Sep 1, 2020 - Economy

Scoop: Open Technology Fund asks Inspector General to investigate

Illustration of a hand holding a gavel that is about to slam down on a computer mouse.

Illustration: Aïda Amer/Axios

The Open Technology Fund is requesting that the U.S. Office of the Inspector General investigate its parent, the U.S. Agency for Global Media (USAGM), for breaching a firewall provision that is supposed to protect government-funded media agencies from political interference.

The big picture: The move is the latest in a very messy fight between the USAGM and one of the organizations it oversees. Earlier on Monday, journalists at another USAGM agency, Voice of America, wrote a letter to their interim CEO alleging that the new head of USAGM was endangering the agency's reporters.

Driving the news: In a letter to USAGM CEO Michael Pack and the Office of the Inspector General obtained by Axios, Open Technology Fund interim CEO Laura Cunningham requests that Pack recuse himself from reviewing the OTF's funding and security matters in order to keep politics out of the process.

Details: The letter alleges that USAGM and Pack have attempted to undermine OTF's integrity, security, and effectiveness in ways that would prevent the group, which was established to help advance internet freedom abroad, from achieving its goals.

The letter details five areas where it says the firewall — established as a part of the 1994 International Broadcasting Act — has been breached.

  1. Attempts to compromise and undermine OTF’s independence by firing the group's CEO, Libby Liu, and the OTF's board. The firing of agency heads has driven a bipartisan outcry on Capitol Hill.
  2. Attempts to compromise and undermine OTF's integrity by making false and misleading claims about OTF's security and its compliance as an organization that receives funding from the USAGM.
  3. Attempts to compromise and undermine OTF's security by requesting sensitive information about its projects, including personal identifiable and confidential information about its project partners who operate in highly sensitive environments, while refusing to accept the information via secure channels, instead of email.
  4. Attempts to compromise and undermine OTF's privacy by requesting information about OTF's contracted partners in a rushed manner, not giving the OTF enough time to comply with international laws about sharing data.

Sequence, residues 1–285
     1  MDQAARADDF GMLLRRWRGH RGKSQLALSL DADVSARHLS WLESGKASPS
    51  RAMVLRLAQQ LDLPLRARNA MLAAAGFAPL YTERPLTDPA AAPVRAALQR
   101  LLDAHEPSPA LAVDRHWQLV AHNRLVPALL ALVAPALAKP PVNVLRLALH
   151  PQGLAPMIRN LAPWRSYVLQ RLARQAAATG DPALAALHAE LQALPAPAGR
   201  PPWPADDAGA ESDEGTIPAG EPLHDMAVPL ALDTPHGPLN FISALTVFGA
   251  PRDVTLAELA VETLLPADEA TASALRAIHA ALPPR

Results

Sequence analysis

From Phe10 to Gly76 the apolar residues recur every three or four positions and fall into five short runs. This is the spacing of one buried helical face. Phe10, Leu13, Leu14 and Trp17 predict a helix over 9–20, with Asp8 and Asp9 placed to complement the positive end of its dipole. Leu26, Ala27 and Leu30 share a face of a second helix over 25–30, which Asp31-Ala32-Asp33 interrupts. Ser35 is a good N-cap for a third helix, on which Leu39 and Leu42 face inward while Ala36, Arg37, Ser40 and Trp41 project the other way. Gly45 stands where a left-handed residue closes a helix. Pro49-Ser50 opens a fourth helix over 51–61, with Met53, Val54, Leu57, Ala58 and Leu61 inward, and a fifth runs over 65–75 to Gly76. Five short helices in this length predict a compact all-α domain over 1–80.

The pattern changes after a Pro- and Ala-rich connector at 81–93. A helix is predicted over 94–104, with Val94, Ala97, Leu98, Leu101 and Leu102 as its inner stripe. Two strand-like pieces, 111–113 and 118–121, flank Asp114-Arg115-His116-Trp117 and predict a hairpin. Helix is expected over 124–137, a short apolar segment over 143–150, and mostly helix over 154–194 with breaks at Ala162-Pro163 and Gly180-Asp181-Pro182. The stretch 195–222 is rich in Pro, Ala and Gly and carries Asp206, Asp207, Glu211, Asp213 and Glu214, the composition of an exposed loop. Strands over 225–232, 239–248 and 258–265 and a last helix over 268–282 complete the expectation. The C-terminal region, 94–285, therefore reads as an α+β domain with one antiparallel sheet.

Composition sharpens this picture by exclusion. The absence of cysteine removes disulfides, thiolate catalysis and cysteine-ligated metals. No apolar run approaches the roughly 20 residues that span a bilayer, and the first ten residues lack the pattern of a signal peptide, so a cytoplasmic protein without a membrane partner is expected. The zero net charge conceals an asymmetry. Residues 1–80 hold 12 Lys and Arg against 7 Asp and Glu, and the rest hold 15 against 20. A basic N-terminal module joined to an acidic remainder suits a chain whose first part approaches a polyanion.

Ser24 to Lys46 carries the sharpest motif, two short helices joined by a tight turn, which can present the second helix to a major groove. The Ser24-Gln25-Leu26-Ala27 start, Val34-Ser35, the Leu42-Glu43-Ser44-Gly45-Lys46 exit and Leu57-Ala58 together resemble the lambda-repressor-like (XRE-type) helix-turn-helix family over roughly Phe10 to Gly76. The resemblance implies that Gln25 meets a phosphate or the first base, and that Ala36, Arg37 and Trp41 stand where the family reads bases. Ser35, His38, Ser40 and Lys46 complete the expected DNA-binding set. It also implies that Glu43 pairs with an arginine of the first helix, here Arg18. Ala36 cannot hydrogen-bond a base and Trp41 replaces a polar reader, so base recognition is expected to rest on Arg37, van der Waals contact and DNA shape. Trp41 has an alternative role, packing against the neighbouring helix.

5. Attempts to compromise and undermine OTF's effectiveness by withholding funds while distracting the group with burdensome information requests.

Sources tell Axios that previous complaints to the Office of the Inspector General from former OTF employees and employees at other USAGM agencies have received responses and follow-up questions.

  • Sources confirm that the Office of the Inspector General has received complaints not only about administrative violations by Pack and USAGM, but also potential criminal activity.
  • Specifically, there have been complaints to the Office of the Inspector General that have alleged violations of the Hatch Act, which prohibits partisan political activity by most federal employees.

Between the lines: The letter provides fresh evidence to support charges that the USAGM is trying to dismantle the OTF and other government-funded media agencies.

  • The issue of OTF funding, as Axios has previously noted, is particularly sensitive, since the USAGM has announced plans to create and fund its own Office of Internet Freedom.
  • Sources fear the agency is withholding OTF funds in order to shift them to that new agency — a move which would be illegal if done without congressional approval.
  • There's been bipartisan outrage on Capitol Hill for months over USAGM's actions, especially around withholding funds from OTF.

Go deeper: Read the full letter.

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